Analysis of breath volatile organic compounds in children with chronic liver disease compared to healthy controls

Eng K, Alkhouri N, Cikach F, Patel N, Yan C, Grove D, Lopez R, Rome E, Dweik RA. J Breath Res. 2015 Apr 20;9(2):026002. doi: 10.1088/1752-7155/9/2/026002. PMID: 25891513

Abstract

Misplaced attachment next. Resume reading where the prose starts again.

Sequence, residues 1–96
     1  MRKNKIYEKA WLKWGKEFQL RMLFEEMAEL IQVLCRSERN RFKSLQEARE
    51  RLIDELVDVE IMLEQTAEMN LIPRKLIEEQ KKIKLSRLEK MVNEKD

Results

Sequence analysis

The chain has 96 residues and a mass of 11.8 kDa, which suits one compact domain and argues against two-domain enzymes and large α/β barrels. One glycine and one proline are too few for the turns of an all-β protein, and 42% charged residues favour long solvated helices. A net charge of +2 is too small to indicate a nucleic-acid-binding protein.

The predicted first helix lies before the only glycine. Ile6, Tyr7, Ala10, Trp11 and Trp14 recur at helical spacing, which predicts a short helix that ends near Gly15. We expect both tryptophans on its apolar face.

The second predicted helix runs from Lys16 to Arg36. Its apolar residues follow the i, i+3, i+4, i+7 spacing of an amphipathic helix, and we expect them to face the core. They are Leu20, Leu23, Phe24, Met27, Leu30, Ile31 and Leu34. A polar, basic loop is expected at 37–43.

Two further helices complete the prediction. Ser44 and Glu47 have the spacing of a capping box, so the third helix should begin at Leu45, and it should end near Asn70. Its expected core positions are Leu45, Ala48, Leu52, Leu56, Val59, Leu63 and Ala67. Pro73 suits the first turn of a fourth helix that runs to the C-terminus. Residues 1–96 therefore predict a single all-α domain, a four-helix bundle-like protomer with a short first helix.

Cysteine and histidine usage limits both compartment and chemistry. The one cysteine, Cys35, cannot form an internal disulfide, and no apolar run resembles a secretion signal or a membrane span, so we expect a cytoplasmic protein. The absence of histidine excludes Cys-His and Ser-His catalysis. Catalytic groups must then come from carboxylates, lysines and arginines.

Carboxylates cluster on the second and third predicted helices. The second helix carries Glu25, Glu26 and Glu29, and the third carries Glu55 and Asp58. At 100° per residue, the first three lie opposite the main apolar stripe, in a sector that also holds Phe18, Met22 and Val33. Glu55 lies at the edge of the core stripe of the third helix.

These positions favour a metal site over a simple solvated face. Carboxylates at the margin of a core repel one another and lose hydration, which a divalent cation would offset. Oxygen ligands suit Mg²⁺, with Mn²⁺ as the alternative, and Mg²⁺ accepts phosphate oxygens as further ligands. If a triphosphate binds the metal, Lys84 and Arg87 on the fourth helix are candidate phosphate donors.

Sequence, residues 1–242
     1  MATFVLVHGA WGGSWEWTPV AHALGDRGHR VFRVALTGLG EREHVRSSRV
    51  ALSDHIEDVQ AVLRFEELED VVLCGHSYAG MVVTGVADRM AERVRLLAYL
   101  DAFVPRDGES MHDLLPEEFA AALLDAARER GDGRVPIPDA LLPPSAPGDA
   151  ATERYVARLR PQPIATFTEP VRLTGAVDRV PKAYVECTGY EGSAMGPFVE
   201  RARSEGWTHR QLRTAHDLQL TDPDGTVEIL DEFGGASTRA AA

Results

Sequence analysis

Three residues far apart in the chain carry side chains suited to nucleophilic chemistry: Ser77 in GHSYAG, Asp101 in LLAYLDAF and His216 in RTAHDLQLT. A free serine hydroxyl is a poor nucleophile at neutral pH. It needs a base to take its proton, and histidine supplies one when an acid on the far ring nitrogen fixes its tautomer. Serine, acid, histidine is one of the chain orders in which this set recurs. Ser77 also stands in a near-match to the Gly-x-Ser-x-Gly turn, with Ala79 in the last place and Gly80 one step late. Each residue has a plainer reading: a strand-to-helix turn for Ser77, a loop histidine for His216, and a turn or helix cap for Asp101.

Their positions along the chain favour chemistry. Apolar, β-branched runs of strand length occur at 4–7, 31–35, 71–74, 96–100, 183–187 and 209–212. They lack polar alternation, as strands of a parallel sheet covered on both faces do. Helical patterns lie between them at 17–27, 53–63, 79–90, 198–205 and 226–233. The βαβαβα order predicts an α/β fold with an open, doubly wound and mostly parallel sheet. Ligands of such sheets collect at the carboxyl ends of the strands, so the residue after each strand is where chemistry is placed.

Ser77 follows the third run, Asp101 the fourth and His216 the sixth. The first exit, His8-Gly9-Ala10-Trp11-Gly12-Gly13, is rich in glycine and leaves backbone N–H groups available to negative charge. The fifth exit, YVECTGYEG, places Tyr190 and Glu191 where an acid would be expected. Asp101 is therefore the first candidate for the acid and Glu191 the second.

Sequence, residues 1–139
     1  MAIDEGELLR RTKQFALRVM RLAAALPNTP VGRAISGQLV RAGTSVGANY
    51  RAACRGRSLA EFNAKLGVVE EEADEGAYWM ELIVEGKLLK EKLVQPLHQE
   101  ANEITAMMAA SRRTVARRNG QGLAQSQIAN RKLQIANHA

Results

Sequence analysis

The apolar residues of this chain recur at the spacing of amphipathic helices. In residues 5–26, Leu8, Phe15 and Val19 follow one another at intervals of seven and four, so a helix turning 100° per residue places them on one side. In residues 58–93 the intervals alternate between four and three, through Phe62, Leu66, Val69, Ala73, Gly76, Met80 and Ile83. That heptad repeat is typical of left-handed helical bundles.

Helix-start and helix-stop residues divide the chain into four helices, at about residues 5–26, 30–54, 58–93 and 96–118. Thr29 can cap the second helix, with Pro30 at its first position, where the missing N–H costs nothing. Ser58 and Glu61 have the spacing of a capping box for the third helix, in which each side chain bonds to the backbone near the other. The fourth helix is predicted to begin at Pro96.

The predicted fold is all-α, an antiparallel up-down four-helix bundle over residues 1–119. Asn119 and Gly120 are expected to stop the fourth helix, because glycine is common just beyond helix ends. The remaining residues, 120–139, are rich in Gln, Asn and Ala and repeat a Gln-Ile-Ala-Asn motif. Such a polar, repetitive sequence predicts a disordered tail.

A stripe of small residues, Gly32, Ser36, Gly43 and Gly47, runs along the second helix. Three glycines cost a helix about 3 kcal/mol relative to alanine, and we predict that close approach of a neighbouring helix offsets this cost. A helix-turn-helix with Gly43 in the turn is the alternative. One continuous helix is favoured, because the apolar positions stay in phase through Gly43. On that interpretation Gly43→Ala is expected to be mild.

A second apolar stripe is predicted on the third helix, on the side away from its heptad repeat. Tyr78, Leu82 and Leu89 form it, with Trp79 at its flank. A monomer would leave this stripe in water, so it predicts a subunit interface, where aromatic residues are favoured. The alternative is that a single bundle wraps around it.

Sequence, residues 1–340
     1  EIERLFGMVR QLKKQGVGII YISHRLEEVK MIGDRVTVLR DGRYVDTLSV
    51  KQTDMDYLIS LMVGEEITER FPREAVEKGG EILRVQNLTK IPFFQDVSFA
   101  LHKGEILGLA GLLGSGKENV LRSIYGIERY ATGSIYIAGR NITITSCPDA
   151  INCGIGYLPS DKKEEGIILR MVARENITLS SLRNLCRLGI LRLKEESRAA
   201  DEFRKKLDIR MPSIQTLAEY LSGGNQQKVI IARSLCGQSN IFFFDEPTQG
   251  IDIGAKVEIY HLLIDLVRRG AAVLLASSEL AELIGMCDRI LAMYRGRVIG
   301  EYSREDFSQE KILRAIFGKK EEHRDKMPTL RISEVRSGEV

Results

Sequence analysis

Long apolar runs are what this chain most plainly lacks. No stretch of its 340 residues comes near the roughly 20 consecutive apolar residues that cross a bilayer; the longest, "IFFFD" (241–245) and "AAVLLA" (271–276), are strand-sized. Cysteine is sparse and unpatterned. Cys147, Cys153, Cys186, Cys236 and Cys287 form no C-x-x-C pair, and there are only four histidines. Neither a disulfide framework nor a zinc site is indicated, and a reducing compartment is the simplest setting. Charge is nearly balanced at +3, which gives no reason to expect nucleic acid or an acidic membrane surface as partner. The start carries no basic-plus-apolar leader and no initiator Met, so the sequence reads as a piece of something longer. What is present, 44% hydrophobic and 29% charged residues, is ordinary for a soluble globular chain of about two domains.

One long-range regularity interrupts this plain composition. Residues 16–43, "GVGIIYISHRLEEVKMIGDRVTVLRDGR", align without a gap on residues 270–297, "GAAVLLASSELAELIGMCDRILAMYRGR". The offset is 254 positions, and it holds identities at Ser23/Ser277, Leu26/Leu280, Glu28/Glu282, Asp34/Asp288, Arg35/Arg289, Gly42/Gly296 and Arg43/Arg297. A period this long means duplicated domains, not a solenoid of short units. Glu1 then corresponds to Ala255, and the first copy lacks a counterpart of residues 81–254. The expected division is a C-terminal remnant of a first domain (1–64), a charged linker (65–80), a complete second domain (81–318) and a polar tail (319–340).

Breath testing is increasingly being used as a non-invasive diagnostic tool for disease states across medicine. The purpose of this study was to compare the levels of volatile organic compounds (VOCs) as measured by mass spectrometry in healthy children and children with chronic liver disease (CLD). Patients between the ages of 6 and 21 were recruited for the study. Control subjects were recruited from a general pediatric population during well-child visits, while patients with CLD were recruited from pediatric gastroenterology clinic visits. The diagnosis of CLD was confirmed by clinical, laboratory, and/or histologic data. A single exhaled breath was collected and analyzed by means of selected-ion flow-tube mass spectrometry per protocol. A total of 104 patients were included in the study (49 with CLD and 55 healthy controls). Of the patients with CLD, 20 had advanced liver fibrosis (F3-F4). In the CLD cohort, levels of exhaled 1-decene, 1-heptene, 1-octene and 3 methylhexane were found to be significantly higher when compared to the control population (p < 0.001, p = 0.035, p < 0.001 and p = 0.004, respectively). Exhaled 1-nonene, (E)-2-nonene, and dimethyl sulfide levels were found to be significantly lower in patients with CLD patients when compared to controls (p < 0.001, p < 0.001 and p = 0.007, respectively). By utilizing a combination of five of the VOCs, the accuracy for predicting the presence of CLD was excellent (AUROC = 0.97). Our study demonstrates that children with CLD have a unique pattern of exhaled VOCs. Utilization of a combination of these VOCs represents a promising non-invasive diagnostic tool and may provide further insight into the pathophysiologic processes and pathways leading to pediatric liver disease. Further analysis of these compounds in external cohorts are needed to validate our findings.